Speaking out and calling out brands actually works!
L: What sparked the idea for this photo series?
LD: This photo series stems from an earlier project I undertook while studying photography at CIT. As part of a UN Photo Competition I produced a series of photos discussing Sustainable Consumption and Production. I took a model out to the tip in Braidwood and produced a ‘fashion’ shoot with the garbage as a backdrop. The aim was to show the contrast of the dream (glamorous fashion shoot) vs the reality (over consumption and waste) and create a level of dissonance in the viewers mind.
That was probably the start of what I hope will be an ongoing project. I am hoping to take typical fashion photography motifs and rework them to show the not-so-nice reality of industry alongside the ‘dream’.
This particular shoot reworked the studio fashion motif by including large plastic wrapping. The plastic contorts and restricts the model as a nasty reminder of the waste (plastic in particular) associated with the fashion industry (in particular synthetic fibres and online shopping waste).
L: Tell us a little bit more about the amazing team you worked with?
LD: Josh, the designer, is a long-term friend of mine. It was at a casual dinner he mentioned he was producing a series of screen prints critiquing consumerism and identity in fashion and I thought it would be a perfect match for this photo series. His screen prints consist of wrapped barcodes, distorted designer logos and exposed care instruction labels, with an aim of attempting to express an individual identity in a mass culture of images.
Kaitlyn, the model, is a champion for living a sustainable, zero waste lifestyle. She only buys second hand clothing, produces less than a shopping bag of waste every three months and recycles old clothes into reusable makeup wipes and other household things. I have followed her sustainable practices for a while now and she has always been a bit of an inspiration.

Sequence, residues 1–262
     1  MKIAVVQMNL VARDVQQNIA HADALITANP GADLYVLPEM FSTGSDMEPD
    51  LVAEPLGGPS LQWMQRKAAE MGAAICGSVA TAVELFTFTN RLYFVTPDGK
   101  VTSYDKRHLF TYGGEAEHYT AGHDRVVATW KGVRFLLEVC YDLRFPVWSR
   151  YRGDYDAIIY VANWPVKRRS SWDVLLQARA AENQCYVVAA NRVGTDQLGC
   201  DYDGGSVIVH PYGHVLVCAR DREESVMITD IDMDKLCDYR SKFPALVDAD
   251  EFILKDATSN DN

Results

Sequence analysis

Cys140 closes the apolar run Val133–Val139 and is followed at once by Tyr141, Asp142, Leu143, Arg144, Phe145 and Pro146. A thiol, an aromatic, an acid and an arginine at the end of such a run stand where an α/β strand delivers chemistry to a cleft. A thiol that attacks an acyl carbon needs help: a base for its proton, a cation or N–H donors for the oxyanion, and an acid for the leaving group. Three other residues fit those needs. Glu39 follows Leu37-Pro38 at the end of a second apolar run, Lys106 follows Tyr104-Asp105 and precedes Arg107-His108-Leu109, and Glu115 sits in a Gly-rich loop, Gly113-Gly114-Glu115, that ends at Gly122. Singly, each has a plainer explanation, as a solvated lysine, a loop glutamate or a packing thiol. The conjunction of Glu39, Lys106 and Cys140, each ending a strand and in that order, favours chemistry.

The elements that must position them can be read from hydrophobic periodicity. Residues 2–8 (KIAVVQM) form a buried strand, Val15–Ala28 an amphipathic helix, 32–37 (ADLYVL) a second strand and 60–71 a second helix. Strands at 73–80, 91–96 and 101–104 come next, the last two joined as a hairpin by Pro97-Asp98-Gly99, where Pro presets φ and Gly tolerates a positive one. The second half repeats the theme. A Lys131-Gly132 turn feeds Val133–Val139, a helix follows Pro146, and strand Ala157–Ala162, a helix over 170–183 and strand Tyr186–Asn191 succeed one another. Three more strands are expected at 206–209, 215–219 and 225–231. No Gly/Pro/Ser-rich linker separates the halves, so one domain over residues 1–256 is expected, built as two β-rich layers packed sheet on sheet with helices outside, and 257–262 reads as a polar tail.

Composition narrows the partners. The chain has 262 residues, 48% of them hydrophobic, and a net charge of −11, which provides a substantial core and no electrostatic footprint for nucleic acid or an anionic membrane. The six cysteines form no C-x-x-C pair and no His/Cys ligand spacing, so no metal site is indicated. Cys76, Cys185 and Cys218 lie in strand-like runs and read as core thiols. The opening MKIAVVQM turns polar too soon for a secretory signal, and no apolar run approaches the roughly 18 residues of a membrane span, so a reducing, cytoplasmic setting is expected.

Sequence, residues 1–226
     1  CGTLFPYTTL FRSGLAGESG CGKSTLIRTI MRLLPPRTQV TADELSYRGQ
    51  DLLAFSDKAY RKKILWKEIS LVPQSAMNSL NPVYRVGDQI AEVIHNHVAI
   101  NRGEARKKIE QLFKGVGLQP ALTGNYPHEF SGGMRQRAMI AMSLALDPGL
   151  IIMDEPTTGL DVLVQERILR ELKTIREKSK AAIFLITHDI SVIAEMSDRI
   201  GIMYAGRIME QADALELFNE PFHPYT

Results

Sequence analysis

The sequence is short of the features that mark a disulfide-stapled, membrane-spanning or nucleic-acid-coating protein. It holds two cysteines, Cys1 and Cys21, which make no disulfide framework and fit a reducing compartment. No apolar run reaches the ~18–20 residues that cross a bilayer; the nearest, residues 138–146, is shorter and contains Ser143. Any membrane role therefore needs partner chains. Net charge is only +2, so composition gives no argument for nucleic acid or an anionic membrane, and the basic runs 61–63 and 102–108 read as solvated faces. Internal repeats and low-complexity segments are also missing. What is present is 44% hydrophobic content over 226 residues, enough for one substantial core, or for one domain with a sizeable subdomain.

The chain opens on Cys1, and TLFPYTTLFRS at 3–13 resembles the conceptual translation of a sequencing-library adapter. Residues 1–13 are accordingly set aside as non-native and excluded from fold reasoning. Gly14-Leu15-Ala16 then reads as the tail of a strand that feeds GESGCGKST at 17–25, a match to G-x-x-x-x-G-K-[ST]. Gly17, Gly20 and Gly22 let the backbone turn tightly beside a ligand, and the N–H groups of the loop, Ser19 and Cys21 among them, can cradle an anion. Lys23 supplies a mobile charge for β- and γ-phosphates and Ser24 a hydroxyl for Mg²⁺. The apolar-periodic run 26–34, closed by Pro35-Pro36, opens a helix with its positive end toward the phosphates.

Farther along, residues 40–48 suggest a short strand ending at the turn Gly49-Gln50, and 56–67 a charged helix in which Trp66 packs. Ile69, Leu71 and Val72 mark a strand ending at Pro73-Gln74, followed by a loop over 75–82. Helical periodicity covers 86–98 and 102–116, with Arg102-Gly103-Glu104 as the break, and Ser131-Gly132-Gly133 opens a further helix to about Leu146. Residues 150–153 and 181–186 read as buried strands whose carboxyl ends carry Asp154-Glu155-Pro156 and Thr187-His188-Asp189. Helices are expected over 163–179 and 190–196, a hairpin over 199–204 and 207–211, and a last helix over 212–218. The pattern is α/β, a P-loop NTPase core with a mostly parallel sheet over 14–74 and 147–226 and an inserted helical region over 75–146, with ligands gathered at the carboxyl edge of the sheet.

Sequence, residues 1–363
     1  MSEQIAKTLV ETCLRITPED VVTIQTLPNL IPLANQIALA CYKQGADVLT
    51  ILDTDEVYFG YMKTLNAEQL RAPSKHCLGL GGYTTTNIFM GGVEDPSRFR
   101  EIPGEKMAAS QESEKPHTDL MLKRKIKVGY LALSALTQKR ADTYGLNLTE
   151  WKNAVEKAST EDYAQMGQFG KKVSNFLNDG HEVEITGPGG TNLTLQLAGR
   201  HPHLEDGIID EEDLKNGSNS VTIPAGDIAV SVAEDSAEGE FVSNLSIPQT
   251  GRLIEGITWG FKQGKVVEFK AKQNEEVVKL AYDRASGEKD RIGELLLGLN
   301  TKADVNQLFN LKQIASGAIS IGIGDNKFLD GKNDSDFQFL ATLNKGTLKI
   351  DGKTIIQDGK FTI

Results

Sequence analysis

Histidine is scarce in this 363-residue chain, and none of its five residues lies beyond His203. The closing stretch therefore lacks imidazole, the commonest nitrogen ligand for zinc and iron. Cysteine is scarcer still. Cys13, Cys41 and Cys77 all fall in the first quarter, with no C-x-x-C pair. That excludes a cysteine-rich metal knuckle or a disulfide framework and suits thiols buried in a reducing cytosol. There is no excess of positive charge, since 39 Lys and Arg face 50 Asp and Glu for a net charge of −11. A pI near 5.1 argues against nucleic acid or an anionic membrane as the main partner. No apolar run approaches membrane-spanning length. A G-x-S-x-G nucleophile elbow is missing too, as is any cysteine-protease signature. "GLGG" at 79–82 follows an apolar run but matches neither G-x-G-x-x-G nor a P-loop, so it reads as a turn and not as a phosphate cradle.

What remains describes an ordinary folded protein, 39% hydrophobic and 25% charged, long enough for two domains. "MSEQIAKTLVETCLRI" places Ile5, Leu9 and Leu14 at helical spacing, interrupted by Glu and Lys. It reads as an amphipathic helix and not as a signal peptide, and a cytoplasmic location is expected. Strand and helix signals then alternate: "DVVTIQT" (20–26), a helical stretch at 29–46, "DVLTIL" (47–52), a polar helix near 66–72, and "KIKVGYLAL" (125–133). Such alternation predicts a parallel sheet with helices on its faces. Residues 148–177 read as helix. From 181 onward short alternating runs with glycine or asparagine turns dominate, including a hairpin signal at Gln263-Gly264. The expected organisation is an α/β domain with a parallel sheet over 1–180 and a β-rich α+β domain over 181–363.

Mikaela, the makeup artist, is also a long-term friend of mine. I have worked with her on many shoots and she is always up for a challenge. I told her the concept and gave her free reign, and she did not disappoint!
It was so important to have a like-minded team for this shoot ─ I feel like a lot of people would have heard my concept and thought I was really weird! The final outcome of the shoot was better than I could have ever expected and hopefully it challenges a few people to rethink their shopping habits.
L: How would you like to see the fashion industry change?
LD: I would love to see more transparency from big brands, especially when it comes to their human and environmental practices. The more people are aware of these issues, the more likely they will be to make more informed decisions when they go shopping and the more likely it is that big brands will change their systems.
I would also love to see big brands take more responsibility for the impact of their fashion especially when it comes to clothing waste. Concepts such as clothing recycling bins in every store should be common place.
It would also be nice to see governments enforce various compliances when it comes to fashion brands. Enforcing certain levels of transparency and ethical practice will ensure brands are accountable for overall human and environmental impact. I know this is starting to happen across Europe and the UK but a lot still needs to be done in Australia and on a global level.
Designer: Joshua Ophel / Instagram @josho_art
Makeup: Mikaela Artistry / Instagram @mikaela.artistry
Model: Kaitlyn Gillies / Instagram @fkn_strawberry